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Stories | 03.29.22

Ukraine at Home: Talking to Children About War 

No matter which websites, newspapers, or social media outlets you look at, it’s impossible to ignore news about what is happening in Ukraine. But how do you talk about this challenging situation with loved ones – especially if they’re children? As the world watches this unprovoked attack, it is imperative adults are equipped with the right tools to speak with children about war.  

“Children are not immune to what’s happening in the world around them. You cannot assume they don’t know something terrible is happening because you haven’t talked to them about it,” says Marina Bluvshtein, Ph.D., LP; MA LMFT, Adler University faculty, and director for the Center for Adlerian Practice and Scholarship. “They are brilliant observers.” 

For parents, that means understanding what children are seeing and hearing impacts their feelings and thinking about war, their overall understanding of how the world works, and whether the world is a good place. While there’s no one-size-fits-all approach to talking about the current war, Bluvshtein has advice to help adults through these challenging conversations.  

A refugee herself, Bluvshtein was born in Russia, and her mother was born in Ukraine. She has seen the effects of wars and dictatorships firsthand. Now, she’s putting her personal experiences and professional expertise as an Adlerian psychologist to work in a new way. Partnering with Ukrainian colleagues, she’s providing cross-lingual and cross-cultural supervision to psychotherapists with clinical patients directly impacted by the current war.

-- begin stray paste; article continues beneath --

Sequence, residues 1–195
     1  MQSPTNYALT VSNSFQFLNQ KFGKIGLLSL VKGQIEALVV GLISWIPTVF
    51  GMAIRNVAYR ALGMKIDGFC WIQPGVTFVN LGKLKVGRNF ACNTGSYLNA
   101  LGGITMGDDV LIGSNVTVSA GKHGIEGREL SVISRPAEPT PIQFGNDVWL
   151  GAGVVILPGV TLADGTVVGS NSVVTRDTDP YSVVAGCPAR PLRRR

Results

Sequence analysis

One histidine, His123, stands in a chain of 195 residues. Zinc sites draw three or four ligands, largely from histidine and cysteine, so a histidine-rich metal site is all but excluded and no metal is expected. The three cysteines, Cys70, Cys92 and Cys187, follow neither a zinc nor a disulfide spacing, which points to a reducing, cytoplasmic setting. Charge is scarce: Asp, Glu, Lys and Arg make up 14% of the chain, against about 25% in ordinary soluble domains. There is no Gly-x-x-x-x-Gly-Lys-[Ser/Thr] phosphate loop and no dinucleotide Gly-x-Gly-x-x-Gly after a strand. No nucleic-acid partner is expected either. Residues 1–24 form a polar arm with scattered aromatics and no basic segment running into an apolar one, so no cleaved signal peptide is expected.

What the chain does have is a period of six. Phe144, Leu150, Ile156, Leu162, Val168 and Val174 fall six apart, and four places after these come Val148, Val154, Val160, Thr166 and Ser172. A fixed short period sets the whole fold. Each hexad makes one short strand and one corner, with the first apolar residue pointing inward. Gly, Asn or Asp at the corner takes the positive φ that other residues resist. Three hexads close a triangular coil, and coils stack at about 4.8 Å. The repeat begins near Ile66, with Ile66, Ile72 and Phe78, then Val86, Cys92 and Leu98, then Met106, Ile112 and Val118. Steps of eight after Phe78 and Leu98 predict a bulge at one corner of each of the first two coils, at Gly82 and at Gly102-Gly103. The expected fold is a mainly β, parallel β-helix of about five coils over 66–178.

While specific approach depends on the child’s age, their personal and family experiences with war and mass trauma, the family’s immediate or generational ties to Ukraine or Russia, as well as other factors, she recommends:  

  • Even if you are not planning on discussing this topic with children, you should be prepared to at a moment’s notice. This is part of preparing them for the challenges of adulthood. 
  • When a child asks about the war, ask them first what they already know, what they think about what they know, and what they’re interested in learning more about.  
  • Stay within your child’s questions. Pace your response. Before sharing anything, ask yourself if you share a piece of information or an opinion. Is this what your child asked you about? 
  • Call things what they are – this is a war and has no other name – and make a distinction between governments and people. Spend time with your child to ensure they understand the difference.  
  • Find age-appropriate ways to describe what is going on in Ukraine. “War” is an abstract term, and children under 11, especially those with no personal or family experience, may have a difficult time processing a very complex and ever-evolving event.  
  • If your child is very anxious, validate their concerns, and keep doing it. You cannot overdose on validation of feelings.  
  • You cannot suddenly block their access to media but consider scheduling daily “digital breaks” or “war news breaks” for the whole family. Invite the child into the scheduling process and make them in charge of enforcing it and stick to it. Having something they have control over is a wonderful antidote to the sense of uncertainty we are all experiencing these days. 
  • Make sure that whatever you say is what you believe in. What you say should be congruent with your views, your family’s values, and what you are comfortable talking about. 
  • Don’t let your child go to bed without giving them a special time to talk to you and a special good night hug. These two are irreplaceable. 

“It will take months and years for the world to know the real tall of this war, but we know it will be higher than any one of us can imagine,” she said. “It is challenging for those watching the news from afar because we often feel like there is nothing – or nothing more – we can do. There is always something anyone of any age can do to promote peace and prevent wars. Gather your family around the dinner table and discuss what each family member does and can do more in promoting peace. Consider cooperative activities so children not only see you anxious and worried but also active and positive. Make sure your child has a chance to take the initiative and be in charge. 

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